As the human population grows in Virginia, habitat is transformed and wildlife populations are affected. Clearing the forests for agriculture in the Seventeeth-Nineteenth Centuries, and the expansion of the suburbs in the Twentieth Century, have had the greatest impact. Some species, such as the passenger pigeon, will never be seen again. Others, such as the buffalo, will never reappear in the wild in Virginia. Some, such as the pileated wooodpecker, are struggling to survive in habitat that has been fragmented by roads and fields.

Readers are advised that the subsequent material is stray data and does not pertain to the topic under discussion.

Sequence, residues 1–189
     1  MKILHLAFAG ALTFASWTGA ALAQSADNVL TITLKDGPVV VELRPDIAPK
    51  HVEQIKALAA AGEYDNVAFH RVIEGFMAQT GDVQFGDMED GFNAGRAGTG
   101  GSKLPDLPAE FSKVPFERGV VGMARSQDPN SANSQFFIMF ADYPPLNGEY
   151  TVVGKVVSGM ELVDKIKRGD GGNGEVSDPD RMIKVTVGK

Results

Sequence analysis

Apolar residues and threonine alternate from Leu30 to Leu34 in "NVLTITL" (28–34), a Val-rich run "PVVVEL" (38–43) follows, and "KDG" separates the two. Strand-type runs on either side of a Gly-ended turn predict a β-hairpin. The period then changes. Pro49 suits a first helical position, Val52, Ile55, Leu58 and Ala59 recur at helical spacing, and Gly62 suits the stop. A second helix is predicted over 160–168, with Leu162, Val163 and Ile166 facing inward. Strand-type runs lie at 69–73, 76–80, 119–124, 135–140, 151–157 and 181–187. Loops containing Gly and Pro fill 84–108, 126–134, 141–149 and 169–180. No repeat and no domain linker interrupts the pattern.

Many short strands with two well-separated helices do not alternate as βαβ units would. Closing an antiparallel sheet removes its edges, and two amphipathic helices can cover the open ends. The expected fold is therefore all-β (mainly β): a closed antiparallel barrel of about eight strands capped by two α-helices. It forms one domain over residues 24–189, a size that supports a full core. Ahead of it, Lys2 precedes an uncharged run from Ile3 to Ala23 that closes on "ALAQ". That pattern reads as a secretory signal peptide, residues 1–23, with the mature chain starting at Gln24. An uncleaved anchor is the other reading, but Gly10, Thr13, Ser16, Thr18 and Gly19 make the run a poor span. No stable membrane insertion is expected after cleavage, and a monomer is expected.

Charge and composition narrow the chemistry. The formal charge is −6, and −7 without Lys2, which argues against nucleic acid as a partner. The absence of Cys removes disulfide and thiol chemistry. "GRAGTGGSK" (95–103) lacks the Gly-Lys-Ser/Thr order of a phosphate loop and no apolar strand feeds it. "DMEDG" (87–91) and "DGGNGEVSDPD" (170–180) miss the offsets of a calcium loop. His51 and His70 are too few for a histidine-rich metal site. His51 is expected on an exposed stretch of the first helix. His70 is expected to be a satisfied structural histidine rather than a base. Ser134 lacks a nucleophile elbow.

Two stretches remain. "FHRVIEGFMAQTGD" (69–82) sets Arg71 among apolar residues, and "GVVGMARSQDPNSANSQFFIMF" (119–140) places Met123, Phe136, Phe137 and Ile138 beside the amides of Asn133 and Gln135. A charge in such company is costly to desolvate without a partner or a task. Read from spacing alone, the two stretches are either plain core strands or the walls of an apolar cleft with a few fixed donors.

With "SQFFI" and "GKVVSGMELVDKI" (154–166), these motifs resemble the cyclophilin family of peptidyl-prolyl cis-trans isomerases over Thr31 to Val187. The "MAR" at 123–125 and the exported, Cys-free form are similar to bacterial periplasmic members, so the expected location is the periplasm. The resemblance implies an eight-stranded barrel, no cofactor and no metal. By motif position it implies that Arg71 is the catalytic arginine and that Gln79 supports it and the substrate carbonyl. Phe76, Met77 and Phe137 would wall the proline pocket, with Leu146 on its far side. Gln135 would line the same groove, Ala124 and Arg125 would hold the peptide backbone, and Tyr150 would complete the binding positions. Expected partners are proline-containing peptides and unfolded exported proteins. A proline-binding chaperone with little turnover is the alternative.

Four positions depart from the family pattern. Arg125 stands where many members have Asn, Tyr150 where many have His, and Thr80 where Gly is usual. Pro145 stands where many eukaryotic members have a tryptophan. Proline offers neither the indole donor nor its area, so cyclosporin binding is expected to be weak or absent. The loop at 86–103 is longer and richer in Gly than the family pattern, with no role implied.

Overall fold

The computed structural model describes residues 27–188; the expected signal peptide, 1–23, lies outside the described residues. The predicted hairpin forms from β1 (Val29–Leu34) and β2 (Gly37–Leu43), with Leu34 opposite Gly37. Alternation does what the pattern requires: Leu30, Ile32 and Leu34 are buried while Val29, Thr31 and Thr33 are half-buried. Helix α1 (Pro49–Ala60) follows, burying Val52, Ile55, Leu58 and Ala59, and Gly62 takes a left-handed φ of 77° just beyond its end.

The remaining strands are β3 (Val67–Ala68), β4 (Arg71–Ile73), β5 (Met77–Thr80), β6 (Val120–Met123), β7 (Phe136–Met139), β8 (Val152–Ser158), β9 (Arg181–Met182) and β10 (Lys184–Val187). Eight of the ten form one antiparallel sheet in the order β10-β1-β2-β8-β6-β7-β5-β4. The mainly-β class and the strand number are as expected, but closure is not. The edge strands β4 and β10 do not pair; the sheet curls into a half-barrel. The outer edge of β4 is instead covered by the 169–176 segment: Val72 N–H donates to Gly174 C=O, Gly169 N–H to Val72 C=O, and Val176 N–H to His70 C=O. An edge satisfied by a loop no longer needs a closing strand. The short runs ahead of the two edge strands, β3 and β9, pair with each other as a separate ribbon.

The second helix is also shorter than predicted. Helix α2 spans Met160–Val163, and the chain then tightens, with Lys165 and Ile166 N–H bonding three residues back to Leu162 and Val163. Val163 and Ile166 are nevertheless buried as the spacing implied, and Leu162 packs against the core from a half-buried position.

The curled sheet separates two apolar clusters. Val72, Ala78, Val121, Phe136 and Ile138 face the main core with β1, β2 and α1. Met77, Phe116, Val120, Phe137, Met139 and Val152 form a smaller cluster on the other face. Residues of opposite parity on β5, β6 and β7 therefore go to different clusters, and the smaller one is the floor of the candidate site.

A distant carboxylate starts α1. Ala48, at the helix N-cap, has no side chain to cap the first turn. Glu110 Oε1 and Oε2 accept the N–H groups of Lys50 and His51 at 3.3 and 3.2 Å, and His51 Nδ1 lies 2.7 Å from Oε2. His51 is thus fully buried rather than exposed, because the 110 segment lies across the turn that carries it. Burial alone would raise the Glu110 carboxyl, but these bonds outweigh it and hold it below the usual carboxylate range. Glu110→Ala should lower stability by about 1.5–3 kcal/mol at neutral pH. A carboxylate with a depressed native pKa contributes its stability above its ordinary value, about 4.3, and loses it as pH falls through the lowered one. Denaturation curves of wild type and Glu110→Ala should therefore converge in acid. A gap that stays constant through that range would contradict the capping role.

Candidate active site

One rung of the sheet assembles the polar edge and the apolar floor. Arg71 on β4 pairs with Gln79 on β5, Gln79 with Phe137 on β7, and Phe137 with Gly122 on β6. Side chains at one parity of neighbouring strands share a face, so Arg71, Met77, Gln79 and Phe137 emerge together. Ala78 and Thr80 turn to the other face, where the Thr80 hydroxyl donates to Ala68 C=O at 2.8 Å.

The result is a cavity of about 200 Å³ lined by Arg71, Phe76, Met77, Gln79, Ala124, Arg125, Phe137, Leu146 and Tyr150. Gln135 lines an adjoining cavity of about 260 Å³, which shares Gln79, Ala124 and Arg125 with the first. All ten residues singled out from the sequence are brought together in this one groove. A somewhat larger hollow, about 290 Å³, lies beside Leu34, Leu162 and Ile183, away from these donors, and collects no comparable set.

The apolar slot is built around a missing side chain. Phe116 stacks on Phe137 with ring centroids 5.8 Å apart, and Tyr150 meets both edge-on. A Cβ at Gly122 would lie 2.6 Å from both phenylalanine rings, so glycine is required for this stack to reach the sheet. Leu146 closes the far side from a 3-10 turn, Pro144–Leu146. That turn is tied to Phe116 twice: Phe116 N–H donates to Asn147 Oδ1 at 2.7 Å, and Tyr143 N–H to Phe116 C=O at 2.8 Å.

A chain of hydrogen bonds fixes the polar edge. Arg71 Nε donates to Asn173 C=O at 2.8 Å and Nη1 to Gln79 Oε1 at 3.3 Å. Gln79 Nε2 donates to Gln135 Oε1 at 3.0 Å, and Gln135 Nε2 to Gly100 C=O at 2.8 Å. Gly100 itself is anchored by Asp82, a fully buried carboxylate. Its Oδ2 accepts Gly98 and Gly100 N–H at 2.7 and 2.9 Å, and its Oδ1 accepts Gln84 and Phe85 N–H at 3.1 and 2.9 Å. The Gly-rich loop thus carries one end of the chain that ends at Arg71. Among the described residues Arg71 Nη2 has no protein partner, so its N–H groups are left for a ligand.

Butterflies and moths, however, are likely to survive the transformation of Virginia's natural setting. These insects are able to fly to isolated pockets of habitat, including gardens planted in suburbia intentially to attract butterflies. The species composition of the butterflies and moths of Virginia has changed as forests were replaced with fields, but future generations of Virginians may be able to enjoy some wildlife right in front yards.